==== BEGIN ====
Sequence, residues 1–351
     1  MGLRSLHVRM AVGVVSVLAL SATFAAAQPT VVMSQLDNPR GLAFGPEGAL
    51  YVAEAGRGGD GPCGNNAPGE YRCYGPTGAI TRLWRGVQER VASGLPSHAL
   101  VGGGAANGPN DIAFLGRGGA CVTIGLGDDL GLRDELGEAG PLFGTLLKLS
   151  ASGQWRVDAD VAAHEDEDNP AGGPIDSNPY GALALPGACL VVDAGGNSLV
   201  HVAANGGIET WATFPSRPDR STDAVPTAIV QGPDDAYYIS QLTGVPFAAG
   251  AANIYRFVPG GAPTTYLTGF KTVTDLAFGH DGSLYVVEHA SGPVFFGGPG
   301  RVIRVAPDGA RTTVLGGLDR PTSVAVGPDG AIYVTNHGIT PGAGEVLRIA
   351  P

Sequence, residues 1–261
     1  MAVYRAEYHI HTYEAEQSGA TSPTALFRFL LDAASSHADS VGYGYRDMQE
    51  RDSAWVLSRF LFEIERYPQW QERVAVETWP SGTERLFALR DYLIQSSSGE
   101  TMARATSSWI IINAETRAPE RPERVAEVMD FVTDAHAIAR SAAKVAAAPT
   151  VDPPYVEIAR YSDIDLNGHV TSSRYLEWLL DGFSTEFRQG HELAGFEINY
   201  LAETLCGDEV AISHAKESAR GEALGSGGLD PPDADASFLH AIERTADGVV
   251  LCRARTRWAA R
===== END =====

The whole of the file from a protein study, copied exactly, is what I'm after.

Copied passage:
Sequence, residues 1–351
     1  MGLRSLHVRM AVGVVSVLAL SATFAAAQPT VVMSQLDNPR GLAFGPEGAL
    51  YVAEAGRGGD GPCGNNAPGE YRCYGPTGAI TRLWRGVQER VASGLPSHAL
   101  VGGGAANGPN DIAFLGRGGA CVTIGLGDDL GLRDELGEAG PLFGTLLKLS
   151  ASGQWRVDAD VAAHEDEDNP AGGPIDSNPY GALALPGACL VVDAGGNSLV
   201  HVAANGGIET WATFPSRPDR STDAVPTAIV QGPDDAYYIS QLTGVPFAAG
   251  AANIYRFVPG GAPTTYLTGF KTVTDLAFGH DGSLYVVEHA SGPVFFGGPG
   301  RVIRVAPDGA RTTVLGGLDR PTSVAVGPDG AIYVTNHGIT PGAGEVLRIA
   351  P

Sequence, residues 1–261
     1  MAVYRAEYHI HTYEAEQSGA TSPTALFRFL LDAASSHADS VGYGYRDMQE
    51  RDSAWVLSRF LFEIERYPQW QERVAVETWP SGTERLFALR DYLIQSSSGE
   101  TMARATSSWI IINAETRAPE RPERVAEVMD FVTDAHAIAR SAAKVAAAPT
   151  VDPPYVEIAR YSDIDLNGHV TSSRYLEWLL DGFSTEFRQG HELAGFEINY
   201  LAETLCGDEV AISHAKESAR GEALGSGGLD PPDADASFLH AIERTADGVV
   251  LCRARTRWAA R